INTERVIEW: 'Young people today are still speaking out'

Former Xiamen University professor You Shengdong says dissent and political opposition are alive and well in China.
By Mia Ping-chieh Chen for RFA Mandarin
2023.02.21
INTERVIEW: 'Young people today are still speaking out' Former Xiamen University professor You Shengdong, seen in the Widener Library of Harvard University in Boston, calls young people “the spirit of the Chinese people, and the backbone of the Chinese nation."
Mia Ping-chieh Chen/RFA

Former Xiamen University professor You Shengdong cuts quite a figure around Harvard University. Neatly dressed in a fedora and long black coat, the septuagenarian retired professor recently braved the chill Bostonian winds to mark the third anniversary of the death of Wuhan doctor and COVID-19 whistleblower Li Wenliang on Feb. 5. 

Fired amid an ongoing purge of higher education institutions for making "politically inappropriate" comments in class, You addressed the rally from the podium, delivering a speech from a closely scrawled piece of paper.

"Today is the traditional Chinese Lantern Festival," You said. "We are here to commemorate Mr. Li Wenliang who unfortunately died three years ago trying to save lives." 

The following day, You remained ebullient about the current willingness of Chinese people to stand up and speak truth to power, particularly during the recent wave of "white paper" protests sparked by a deadly lockdown fire in Xinjiang's regional capital Urumqi, some of which featured calls for Chinese leader Xi Jinping to step down and call elections.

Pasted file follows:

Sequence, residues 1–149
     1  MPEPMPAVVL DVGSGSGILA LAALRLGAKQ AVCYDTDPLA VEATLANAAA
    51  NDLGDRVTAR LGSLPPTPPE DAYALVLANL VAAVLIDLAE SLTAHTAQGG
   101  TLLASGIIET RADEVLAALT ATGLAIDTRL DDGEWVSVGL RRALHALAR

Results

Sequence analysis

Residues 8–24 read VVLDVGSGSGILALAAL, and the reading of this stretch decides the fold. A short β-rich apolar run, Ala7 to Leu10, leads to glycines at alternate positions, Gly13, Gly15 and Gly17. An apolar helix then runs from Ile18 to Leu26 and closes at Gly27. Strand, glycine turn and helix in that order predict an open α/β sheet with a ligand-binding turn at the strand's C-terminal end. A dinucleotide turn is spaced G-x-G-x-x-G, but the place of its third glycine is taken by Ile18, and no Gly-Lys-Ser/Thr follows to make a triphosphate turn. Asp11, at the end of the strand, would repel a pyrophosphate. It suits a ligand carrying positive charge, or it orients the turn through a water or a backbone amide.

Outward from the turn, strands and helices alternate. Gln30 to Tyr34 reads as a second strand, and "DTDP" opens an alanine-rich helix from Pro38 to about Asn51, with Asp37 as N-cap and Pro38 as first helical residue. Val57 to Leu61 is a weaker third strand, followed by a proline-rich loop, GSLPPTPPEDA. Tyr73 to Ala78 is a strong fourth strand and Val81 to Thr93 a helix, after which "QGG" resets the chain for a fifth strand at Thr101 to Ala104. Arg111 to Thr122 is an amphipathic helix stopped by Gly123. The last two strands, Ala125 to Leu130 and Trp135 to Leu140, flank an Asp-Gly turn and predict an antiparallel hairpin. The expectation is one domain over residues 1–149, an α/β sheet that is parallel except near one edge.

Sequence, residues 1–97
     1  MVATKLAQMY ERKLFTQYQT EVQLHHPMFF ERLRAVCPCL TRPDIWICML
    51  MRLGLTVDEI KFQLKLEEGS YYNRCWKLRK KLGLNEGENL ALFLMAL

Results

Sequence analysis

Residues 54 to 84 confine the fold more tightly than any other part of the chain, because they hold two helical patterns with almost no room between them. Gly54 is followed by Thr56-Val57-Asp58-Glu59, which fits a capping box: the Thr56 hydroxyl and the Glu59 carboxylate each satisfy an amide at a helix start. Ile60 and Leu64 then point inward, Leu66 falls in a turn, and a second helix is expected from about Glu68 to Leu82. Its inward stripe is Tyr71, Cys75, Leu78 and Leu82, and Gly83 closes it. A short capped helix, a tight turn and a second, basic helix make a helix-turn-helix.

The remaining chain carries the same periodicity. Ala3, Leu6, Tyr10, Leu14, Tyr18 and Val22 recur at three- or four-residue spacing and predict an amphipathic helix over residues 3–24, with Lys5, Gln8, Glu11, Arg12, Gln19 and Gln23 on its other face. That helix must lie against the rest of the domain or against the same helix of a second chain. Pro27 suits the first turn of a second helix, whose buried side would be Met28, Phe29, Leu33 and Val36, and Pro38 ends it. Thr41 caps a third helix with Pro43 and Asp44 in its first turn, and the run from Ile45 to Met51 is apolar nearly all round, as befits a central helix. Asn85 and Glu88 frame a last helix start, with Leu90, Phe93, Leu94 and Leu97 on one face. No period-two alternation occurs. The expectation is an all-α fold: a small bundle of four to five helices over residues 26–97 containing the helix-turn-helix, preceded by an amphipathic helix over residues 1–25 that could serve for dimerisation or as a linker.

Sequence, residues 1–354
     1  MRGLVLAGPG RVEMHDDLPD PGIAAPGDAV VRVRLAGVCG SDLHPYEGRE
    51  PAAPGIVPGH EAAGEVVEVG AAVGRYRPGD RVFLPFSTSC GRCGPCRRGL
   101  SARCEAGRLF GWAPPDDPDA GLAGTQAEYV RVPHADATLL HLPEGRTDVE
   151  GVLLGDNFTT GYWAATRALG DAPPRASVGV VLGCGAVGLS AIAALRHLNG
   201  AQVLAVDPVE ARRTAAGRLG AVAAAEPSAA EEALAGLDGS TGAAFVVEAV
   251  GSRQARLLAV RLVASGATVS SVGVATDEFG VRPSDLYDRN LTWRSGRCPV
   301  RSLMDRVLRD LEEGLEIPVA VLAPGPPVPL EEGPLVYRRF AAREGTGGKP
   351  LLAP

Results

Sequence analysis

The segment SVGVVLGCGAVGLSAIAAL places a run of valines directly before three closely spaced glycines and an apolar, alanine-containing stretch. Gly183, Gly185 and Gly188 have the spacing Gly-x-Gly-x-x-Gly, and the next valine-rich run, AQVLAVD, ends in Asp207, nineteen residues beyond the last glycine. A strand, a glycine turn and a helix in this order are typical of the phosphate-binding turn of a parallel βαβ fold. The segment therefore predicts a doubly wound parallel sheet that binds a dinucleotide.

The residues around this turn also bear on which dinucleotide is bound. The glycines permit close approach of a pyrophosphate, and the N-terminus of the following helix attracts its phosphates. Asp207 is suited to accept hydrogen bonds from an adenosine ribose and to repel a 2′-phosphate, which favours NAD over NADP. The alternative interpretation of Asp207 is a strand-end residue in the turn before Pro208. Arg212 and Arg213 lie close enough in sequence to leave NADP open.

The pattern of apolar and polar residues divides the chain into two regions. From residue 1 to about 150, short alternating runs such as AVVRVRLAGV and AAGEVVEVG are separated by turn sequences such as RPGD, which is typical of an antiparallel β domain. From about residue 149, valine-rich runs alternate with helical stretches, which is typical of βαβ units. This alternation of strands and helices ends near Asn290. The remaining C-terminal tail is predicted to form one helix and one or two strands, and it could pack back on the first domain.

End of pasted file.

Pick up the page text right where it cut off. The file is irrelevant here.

"For one person to come out [in protest] these days is the equivalent of 100 people coming out during the Tiananmen Square protests [of 1989]," You told Radio Free Asia, in a reference to the much tighter controls, censorship of dissent and individual high-tech surveillance that potential protesters in China have to deal with today.

"It's admirable that so many students turned out, even though they had to wear masks and hats to protect themselves," he said. "They all ran the risk of getting kicked out [of their schools], or being placed under surveillance."

"The white paper protests were spontaneous; nobody organized them," he said. "It was pretty amazing that people turned out in such large numbers."

"Young people today are still speaking out despite the close monitoring and surveillance they are under," You said. "They are the spirit of the Chinese people, and the backbone of the Chinese nation."

Greater risks